The Canadian dollar rose Thursday, pushed up by rising gold prices amid caution from the Bank of Canada, unrest in Iraq and fears that oil supplies may soon be disrupted.
The loonie gained 0.19 of a cent to 92.21 cents US.
The Bank of Canada continued to sound the alarm about the country's housing market, adding the risk of failures in the Chinese financial system and higher long-term interest rates from the U.S. as possible triggers for a destructive crash.
The central bank's latest semi-annual review of the financial system concedes that the probability of a sharp housing correction, particularly in prices, is small – but the consequences would be large.
In particular, the bank worries that although the market appears to be headed for a soft landing, certain hot spots like Toronto's condominium market continue to see prices rise.
The markets were also boosted after several large Canadian banks recently lowered their five-year fixed mortgage rates below three per cent.
Meanwhile, in commodities, the July crude contract advanced $1.85 to US$106.25 barrel as an Al Qaeda-inspired group that captured two key cities in Iraq earlier this week vowed Thursday to march on to Baghdad.
One of the two cities that were invaded, Mosul, lies in an area that is a major gateway for Iraqi oil. While the loss of the city has no immediate effect on oil exports, now at over 3 million barrels a day, it adds to concerns over security and the country's plans to expand oil production.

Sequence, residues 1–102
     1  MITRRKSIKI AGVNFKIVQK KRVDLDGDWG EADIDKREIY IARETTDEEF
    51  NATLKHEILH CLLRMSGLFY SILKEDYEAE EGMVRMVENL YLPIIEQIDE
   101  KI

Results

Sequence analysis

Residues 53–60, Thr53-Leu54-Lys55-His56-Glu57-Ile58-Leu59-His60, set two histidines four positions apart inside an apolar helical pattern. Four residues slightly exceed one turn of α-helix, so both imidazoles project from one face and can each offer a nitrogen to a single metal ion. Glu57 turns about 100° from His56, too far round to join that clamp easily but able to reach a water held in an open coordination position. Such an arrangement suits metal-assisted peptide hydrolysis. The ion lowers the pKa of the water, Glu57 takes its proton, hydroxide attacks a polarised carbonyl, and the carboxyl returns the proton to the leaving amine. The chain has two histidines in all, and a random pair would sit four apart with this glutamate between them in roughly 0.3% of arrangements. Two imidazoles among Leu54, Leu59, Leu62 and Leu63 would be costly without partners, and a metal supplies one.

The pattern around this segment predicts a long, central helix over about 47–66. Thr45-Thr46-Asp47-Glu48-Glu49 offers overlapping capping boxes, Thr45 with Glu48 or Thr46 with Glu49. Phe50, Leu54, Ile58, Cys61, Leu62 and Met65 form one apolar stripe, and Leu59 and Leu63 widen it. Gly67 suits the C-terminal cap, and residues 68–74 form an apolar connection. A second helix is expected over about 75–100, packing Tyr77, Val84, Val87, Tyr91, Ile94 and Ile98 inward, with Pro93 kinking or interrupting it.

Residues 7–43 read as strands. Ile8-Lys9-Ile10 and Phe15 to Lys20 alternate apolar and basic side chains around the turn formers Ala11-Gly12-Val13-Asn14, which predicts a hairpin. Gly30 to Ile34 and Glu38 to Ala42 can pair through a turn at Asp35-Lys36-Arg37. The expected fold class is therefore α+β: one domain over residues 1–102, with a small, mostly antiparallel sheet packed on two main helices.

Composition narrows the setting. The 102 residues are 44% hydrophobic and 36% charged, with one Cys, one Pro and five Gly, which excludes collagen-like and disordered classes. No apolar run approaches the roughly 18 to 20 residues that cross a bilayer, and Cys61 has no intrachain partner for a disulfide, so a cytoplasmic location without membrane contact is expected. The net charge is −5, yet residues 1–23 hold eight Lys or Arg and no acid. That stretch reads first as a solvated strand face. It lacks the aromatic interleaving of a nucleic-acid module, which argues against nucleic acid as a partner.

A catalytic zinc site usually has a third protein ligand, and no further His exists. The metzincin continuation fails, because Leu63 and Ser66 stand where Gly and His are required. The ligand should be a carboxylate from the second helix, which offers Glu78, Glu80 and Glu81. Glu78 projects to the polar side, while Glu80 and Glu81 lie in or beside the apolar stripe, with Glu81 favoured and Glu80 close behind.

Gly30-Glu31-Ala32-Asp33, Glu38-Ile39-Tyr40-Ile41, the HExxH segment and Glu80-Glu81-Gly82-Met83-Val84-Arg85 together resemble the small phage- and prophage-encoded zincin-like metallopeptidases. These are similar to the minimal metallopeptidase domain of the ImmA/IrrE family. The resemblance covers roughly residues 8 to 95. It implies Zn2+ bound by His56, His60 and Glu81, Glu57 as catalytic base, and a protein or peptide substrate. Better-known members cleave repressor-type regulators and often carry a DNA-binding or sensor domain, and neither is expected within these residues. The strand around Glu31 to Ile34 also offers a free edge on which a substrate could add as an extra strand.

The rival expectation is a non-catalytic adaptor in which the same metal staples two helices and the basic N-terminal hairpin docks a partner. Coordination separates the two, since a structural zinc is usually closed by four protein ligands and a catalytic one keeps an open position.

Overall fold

The instability in Iraq comes as the Organization for Petroleum Exporting Countries met in Vienna and agreed to keep their output target unchanged at 30 million barrels a day.
Traders interpreted the decision as recognition within OPEC that most members would not be able to substantially increase output in the short-term even if the world's demand for crude increases.
Scotiabank's Camilla Sutton cautioned that rising oil prices do not always sustain a higher Canadian dollar.
"Drivers of a vaguely strong CAD have been rising oil prices – however upward oil prices on the back of geopolitical risks have traditionally been less supportive of a higher CAD than rising oil prices on the back of strong demand," Sutton, chief FX strategist, managing director of Scotiabank Global Banking and Markets, wrote in a note.
A report from the U.S. Energy Department released late Wednesday also showed signs that oil supplies may be low. The department says supplies fell by 2.6 million barrels in the week ended June 6, more than double the 1.2 million barrels analysts expected.
In other commodities, August gold bullion gained $10.60 to US$1,271.80 an ounce, while July copper declined two cents to US$3.02 a pound.